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It's still the economy, stupid!

Posted By Harry Browne On 01/23/2001 @ 1:00 am In Commentary | Comments Disabled

Now that Bill Clinton is no longer our president, does this mean we’ve heard the last of the Clinton myths about the economy? Probably not.

I’m talking about those great legends, told and retold by the Clintonites and the press, of the wondrous savior who rescued the U.S. economy from depression, enacted a courageous budget plan, brought down interest rates, ended the deficits, and put us on the road to paying off the federal debt.

According to the legends, whatever you think of Clinton personally, you must agree that his reign was good for the economy.

But the legends are as fictitious as the one about George Washington and the cherry tree. And if the press and public continue to recirculate the legends, they will make it more likely that the Bush administration will pursue the wrong economic policies.

Rising/falling interest rates

Take interest rates, for example. The legend says Clinton’s tax increase ended the budget deficits, bringing to an end 12 years of high interest rates. But it doesn’t happen to be true.

When Ronald Reagan was elected in 1980, the interest rate on short-term Treasury bills was 11.4 percent. By the end of his presidency in 1988, the rate was down to 6.7 percent. It continued downward to 3.4 percent in 1992, when George I lost the presidency.

As soon as Bill Clinton sewed up the election, interest rates started moving upward — and they never returned to the low levels Clinton inherited. In fact, the average Treasury bill rate in 2000 was 5.8 percent — two thirds higher than when Clinton was elected.

Despite the legend, Bill Clinton didn’t bring down interest rates. If he had any influence on them at all (which he probably didn’t), he pushed them upward.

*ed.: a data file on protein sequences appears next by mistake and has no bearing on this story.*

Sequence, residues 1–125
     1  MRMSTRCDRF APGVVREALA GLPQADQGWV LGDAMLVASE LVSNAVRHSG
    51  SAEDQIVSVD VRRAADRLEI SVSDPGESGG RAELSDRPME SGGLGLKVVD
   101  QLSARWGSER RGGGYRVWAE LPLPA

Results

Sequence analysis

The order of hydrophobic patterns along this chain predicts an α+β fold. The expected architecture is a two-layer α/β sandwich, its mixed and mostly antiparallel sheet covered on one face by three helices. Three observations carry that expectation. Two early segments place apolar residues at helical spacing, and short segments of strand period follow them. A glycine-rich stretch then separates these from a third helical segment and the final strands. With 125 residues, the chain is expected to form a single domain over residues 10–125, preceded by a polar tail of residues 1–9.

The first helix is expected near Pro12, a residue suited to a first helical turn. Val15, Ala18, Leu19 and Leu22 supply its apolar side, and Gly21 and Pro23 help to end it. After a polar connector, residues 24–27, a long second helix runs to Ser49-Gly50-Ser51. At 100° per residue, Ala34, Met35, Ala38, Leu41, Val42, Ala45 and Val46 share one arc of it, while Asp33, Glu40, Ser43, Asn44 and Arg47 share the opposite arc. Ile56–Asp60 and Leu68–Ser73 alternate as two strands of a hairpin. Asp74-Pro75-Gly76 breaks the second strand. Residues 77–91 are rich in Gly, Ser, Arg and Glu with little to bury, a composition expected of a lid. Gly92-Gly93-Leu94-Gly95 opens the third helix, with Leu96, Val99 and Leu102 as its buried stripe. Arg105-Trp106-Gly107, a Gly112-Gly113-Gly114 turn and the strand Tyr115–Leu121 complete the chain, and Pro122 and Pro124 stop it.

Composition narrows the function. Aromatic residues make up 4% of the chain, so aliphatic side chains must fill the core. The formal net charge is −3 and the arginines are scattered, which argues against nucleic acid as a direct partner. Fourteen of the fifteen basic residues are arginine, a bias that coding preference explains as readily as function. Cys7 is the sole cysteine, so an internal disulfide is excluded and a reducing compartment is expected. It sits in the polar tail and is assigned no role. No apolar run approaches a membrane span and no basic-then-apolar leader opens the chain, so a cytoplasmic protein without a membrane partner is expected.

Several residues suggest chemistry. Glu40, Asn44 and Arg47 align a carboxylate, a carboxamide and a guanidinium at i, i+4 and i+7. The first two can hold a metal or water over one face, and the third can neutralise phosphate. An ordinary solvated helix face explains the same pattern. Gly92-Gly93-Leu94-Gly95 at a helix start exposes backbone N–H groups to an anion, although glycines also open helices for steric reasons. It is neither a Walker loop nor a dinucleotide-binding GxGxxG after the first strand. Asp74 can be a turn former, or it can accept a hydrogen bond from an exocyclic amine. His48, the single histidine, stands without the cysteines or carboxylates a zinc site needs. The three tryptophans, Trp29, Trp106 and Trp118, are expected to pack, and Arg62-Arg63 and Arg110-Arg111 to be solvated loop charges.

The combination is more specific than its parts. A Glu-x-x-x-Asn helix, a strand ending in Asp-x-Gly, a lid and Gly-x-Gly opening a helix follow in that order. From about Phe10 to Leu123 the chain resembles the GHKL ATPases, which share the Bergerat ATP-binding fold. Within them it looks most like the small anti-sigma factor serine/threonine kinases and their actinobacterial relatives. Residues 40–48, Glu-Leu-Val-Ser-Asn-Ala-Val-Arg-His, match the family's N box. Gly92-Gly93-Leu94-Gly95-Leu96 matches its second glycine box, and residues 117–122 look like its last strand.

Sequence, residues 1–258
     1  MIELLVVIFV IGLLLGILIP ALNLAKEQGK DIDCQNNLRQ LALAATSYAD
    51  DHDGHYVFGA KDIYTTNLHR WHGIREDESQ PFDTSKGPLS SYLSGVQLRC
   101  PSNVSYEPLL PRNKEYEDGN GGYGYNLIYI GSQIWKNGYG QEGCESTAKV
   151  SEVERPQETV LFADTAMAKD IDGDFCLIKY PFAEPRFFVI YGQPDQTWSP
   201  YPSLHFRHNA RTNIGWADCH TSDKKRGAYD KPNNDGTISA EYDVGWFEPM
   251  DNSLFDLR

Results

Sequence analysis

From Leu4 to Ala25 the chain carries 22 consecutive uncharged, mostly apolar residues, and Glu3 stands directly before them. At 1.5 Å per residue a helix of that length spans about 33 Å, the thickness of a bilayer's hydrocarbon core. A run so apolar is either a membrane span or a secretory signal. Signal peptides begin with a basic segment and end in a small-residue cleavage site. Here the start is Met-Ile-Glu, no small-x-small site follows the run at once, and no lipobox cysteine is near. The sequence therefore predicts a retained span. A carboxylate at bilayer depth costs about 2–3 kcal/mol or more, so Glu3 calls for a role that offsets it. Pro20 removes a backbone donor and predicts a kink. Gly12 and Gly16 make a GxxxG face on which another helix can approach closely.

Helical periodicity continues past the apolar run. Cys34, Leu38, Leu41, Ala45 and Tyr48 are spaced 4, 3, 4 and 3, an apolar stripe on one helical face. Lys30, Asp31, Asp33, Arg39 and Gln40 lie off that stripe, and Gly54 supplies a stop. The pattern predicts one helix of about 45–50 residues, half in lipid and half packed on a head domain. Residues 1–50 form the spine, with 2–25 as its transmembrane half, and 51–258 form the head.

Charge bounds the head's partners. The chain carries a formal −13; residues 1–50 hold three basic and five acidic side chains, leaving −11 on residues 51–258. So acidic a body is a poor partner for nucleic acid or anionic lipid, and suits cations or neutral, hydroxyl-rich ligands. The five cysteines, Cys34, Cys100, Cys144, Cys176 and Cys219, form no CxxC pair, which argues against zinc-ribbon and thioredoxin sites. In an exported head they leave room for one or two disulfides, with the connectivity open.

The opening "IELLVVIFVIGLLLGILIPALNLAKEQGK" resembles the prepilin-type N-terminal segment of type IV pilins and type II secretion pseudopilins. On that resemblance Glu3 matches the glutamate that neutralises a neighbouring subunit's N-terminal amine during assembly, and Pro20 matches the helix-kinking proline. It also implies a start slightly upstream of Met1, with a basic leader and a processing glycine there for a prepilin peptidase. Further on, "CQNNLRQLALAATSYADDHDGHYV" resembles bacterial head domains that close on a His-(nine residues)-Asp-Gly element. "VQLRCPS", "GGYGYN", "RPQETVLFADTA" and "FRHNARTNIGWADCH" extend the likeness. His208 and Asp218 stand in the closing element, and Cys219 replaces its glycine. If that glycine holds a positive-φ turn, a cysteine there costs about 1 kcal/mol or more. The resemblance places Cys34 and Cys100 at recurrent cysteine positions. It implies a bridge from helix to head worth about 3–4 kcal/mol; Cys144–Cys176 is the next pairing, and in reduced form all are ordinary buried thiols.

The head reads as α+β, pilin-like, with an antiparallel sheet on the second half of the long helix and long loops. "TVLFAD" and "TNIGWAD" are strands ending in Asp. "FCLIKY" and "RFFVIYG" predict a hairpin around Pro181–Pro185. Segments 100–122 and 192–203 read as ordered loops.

The legendary surpluses

Then there’s the federal budget.

The good news: The politicians say we have big budget surpluses.

The bad news: They’re lying.

The first surplus supposedly occurred in 1999, but the federal debt actually rose that year by $127 billion. They tell us we had a surplus of $87 billion in 2000, but the debt went up by $23 billion. And this year the surplus is supposed to be $68 billion, but the government estimates the debt will increase by $82 billion. How can the debt rise when you’re running a surplus? Anyone with a family budget knows it is a deficit, not a surplus, that causes debt to increase.

Every year the politicians take money from the Social Security trust fund (you know, the fund in the lock box), and issue new government bonds to replace the money. The politicians count the money they take as revenue, making possible a budget “surplus” — even as they go deeper in debt. So the surpluses are just another myth, and the U.S. government is still the world’s largest deadbeat.

A debt-free America?

And that brings us to the most outrageous myth of all. In his farewell address Thursday evening, Mr. Clinton once again said, “we’re on a path to pay off the entire debt by the end of the decade.”

The current federal debt is $5.7 trillion. To pay it off by 2010 would require an average surplus of over $600 billion a year for the next nine years. Since there isn’t a current surplus of even 98 cents, and since the politicians absolutely will not reduce government spending, such surpluses would require raising every American’s taxes by one third. How likely is that?

One other myth should be noted: Bill Clinton and the Republicans argue over who’s responsible for the reform that supposedly “ended welfare as we know it.” But did you know that federal welfare spending has continued to rise every year — and is now 33 percent higher than in 1993? That’s some reform.